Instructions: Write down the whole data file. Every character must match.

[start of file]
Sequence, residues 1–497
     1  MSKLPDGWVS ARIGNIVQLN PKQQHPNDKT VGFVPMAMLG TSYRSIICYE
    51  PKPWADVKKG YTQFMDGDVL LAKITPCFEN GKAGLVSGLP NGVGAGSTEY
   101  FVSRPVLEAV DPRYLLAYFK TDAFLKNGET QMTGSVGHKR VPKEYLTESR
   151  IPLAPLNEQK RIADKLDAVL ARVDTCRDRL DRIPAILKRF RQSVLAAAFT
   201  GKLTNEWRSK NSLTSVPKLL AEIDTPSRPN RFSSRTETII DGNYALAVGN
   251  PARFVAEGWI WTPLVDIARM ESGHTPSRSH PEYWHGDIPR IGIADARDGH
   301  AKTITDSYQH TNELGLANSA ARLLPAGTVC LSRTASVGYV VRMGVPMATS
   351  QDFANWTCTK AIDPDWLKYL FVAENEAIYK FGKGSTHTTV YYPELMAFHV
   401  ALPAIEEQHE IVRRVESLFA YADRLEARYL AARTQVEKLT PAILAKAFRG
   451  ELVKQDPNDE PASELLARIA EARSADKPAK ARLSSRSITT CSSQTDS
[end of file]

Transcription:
Sequence, residues 1–497
     1  MSKLPDGWVS ARIGNIVQLN PKQQHPNDKT VGFVPMAMLG TSYRSIICYE
    51  PKPWADVKKG YTQFMDGDVL LAKITPCFEN GKAGLVSGLP NGVGAGSTEY
   101  FVSRPVLEAV DPRYLLAYFK TDAFLKNGET QMTGSVGHKR VPKEYLTESR
   151  IPLAPLNEQK RIADKLDAVL ARVDTCRDRL DRIPAILKRF RQSVLAAAFT
   201  GKLTNEWRSK NSLTSVPKLL AEIDTPSRPN RFSSRTETII DGNYALAVGN
   251  PARFVAEGWI WTPLVDIARM ESGHTPSRSH PEYWHGDIPR IGIADARDGH
   301  AKTITDSYQH TNELGLANSA ARLLPAGTVC LSRTASVGYV VRMGVPMATS
   351  QDFANWTCTK AIDPDWLKYL FVAENEAIYK FGKGSTHTTV YYPELMAFHV
   401  ALPAIEEQHE IVRRVESLFA YADRLEARYL AARTQVEKLT PAILAKAFRG
   451  ELVKQDPNDE PASELLARIA EARSADKPAK ARLSSRSITT CSSQTDS